Pubs have also taken advantage of every possible special date on the calendar to celebrate, from St Patrick’s to Valentine’s Day and Halloween, in a bid to bring out the punters.
Fortunes at many pubs have swung sharply with the Canary pub in Heartsease a good example. The community pub is set to close early next year to make way for housing, after being spared the axe earlier in the year following a community campaign to save it.
For Chris Higgins, landlord at the Trafford Arms in Grove Road, Norwich, much will depend on how Norwich City fare in 2011.
He said: “The year 2010 has been very hard, as we have seen the full effects of the smoking ban and supermarkets selling cheap drink. We had to take the decision to return Sky television, because of the price, which has impacted on followers of sport.
“But Paul Lambert’s Canaries have kept us all in good spirits. If it had not for him, making us proud of our city, we’d be in a deep depression now – he should be made man of the year.
“We are worried about the VAT increase and how that will affect us, but I’m a born optimist. If we can continue to keep doing the things we do, then we will still be here.”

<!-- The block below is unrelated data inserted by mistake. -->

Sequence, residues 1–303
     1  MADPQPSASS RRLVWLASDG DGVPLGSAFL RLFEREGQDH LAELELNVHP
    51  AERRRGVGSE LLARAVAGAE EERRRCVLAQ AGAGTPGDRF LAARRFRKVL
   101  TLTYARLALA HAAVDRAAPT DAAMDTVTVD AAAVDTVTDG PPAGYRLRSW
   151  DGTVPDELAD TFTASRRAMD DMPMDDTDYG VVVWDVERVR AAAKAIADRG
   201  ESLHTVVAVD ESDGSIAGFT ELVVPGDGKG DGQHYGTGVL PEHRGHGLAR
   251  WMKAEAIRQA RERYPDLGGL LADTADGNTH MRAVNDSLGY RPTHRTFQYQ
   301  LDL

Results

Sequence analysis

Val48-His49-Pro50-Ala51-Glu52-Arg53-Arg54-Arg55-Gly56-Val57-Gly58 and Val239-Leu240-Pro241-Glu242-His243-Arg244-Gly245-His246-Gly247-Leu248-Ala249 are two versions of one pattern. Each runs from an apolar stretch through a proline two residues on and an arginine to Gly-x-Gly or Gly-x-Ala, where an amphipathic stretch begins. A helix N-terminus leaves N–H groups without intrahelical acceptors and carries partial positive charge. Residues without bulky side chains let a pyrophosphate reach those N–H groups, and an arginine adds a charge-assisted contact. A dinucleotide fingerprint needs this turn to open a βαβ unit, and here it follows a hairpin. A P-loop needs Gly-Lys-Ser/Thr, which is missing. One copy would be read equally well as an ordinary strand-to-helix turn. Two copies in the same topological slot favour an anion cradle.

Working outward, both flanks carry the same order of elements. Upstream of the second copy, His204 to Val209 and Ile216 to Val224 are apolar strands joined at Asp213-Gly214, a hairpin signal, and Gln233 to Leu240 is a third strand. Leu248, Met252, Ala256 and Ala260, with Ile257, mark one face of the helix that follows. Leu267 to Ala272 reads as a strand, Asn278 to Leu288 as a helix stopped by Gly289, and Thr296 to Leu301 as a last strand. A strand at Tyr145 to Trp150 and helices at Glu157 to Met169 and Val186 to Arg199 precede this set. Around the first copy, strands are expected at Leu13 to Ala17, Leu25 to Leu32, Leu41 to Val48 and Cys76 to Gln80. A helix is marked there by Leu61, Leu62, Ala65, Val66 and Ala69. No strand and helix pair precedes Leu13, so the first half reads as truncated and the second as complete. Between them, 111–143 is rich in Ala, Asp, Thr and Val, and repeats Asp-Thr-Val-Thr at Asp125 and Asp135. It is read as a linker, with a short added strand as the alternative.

Roger Cawdron, who runs the Ribs of Beef, in Wensum Street, Norwich, wants the government to bring in a minimum pricing for alcohol at supermarkets.
He said: “It’s been a pretty tough year and we are not looking forward to the VAT rise, which will obviously lead to an increase in beer prices. We’ve also got the budget coming up in March/April.
“This year, food-orientated pubs have done reasonably well, but some of the drinks-led pubs have suffered and obviously closed. We must have lost about half a dozen pubs in the city this year, and some of the country pubs are struggling. The onset of the cold weather has also made it very difficult.
“Personally we have found it about the same as last year.
“We should be trading better, but people are nervous about their jobs and not coming out. There’s an enormous difference between on and off sales, which the government should really do something about now.”
Leanne Freeman has been the Australian landlady at The Mustard Pot in Thorpe Road, Norwich, since February.
She said: “In this current economic climate, all businesses have had to make adjustments and as we know the pub industry has been hit particularly hard so our first year here has been a lot of ‘hard yakka’ as we say Down Under and much TLC (tender loving care) in getting the pub back to a good standard again.